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From my basic understating,

Momentum is being transfered from the Earth's rotation to the Moon's orbit by tidal friction. The Earth's rotation slows down and the Moon receedes from the Earth as it moves into a higher orbit. This will continue until the Earth's rotational period is equal to the orbital period of the Moon, i.e the Earth is tidally locked to the Moon.

Assuming I have the above correct - and please correct me if I don't - will there, realistically, be enough time for tidal locking to occur before the sun expands and engulfs the Earth? Or is there another reason the Earth will never be locked towards the Moon?

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As the moon orbits Earth, tidal forces slow down the Earth's rotation by 2 milliseconds per century. Eventually, in tens of billions of years, the Earth and Moon would achieve a double tidal lock, where both are stuck with one side facing the other as they orbit the Earth-Moon barycenter. In 7.5 billion years, the Sun will expand past the Earth's current orbit, but the Earth may drift out further, preventing it from being vaporized.

However, this is beside the point, because in about one billion years, all of Earth's water will have boiled away, meaning that there would be no more ocean tides, and thus the Earth-Moon system will likely never achieve a double tidal lock.

References:

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    $\begingroup$ I know there's large uncertainty in this, but I was surprised to see you list 7.5 billion years (and I presume you quoted your last reference which also states this) for the Sun to expand and possibly swallow the Earth. Almost every other reference to this timescale I've heard has been closer to 5 billion years. I have to wonder where the last reference got its value from. $\endgroup$ – zephyr Oct 20 '16 at 15:40
  • $\begingroup$ @zephyr The last reference states that the Sun will expand in 5 billion years but not quite to Earth's orbit yet. I'll see if I can get secondary validation for that. $\endgroup$ – called2voyage Oct 20 '16 at 15:41
  • $\begingroup$ Ah, I think I see the difference. They state "About 7.6 billion years from now, the sun will reach its maximum size as a red giant" which doesn't preclude the commencement of the expansion in 5 billion years. $\endgroup$ – zephyr Oct 20 '16 at 15:44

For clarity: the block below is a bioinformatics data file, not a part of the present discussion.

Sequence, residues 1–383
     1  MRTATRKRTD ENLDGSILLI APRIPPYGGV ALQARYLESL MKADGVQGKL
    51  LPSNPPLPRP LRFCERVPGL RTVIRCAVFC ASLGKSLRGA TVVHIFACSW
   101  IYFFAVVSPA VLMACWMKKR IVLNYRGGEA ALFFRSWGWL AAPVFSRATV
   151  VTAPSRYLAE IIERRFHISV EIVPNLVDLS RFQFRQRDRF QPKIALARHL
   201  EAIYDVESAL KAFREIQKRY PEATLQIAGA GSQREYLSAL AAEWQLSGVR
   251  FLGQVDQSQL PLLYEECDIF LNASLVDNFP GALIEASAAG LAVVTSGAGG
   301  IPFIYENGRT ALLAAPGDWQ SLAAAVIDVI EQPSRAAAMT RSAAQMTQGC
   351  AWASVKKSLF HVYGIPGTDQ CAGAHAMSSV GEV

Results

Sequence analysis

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    $\begingroup$ @zephyr One paper says that about 2.55 Gyr from now the sun will reach its maximum $T_{eff}$. 5.42 Gyr from now the sun will be 37 percent larger than today, which still keeps it quite far from Earth's present orbit. 7.59 Gyr from now the sun will reach the tip of its red giant expansion. This seems consistent with the Scientific American article. The paper I linked in this comment also estimates the mass loss of the Sun and finds that the Earth's orbit would expand far out enough to survive, but as a molten planet. $\endgroup$ – called2voyage Oct 20 '16 at 15:57
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    $\begingroup$ Re Eventually, in tens of billions of years, the Earth and Moon will achieve a double tidal lock ... That's assuming the Earth's rotation rate slows down at the current rate. Bad assumption. This rate is anomalously high compared to rates over the last billion years thanks to two huge north-south barriers to the tides (the Americas and Africa+Eurasia). In about a billion years (see your last reference), the Earth will lose its oceans due to greenhouse warming. As the oceans are responsible for almost all of the tidal deceleration, the Earth will never be tidally locked to the Moon. $\endgroup$ – David Hammen Oct 21 '16 at 1:28

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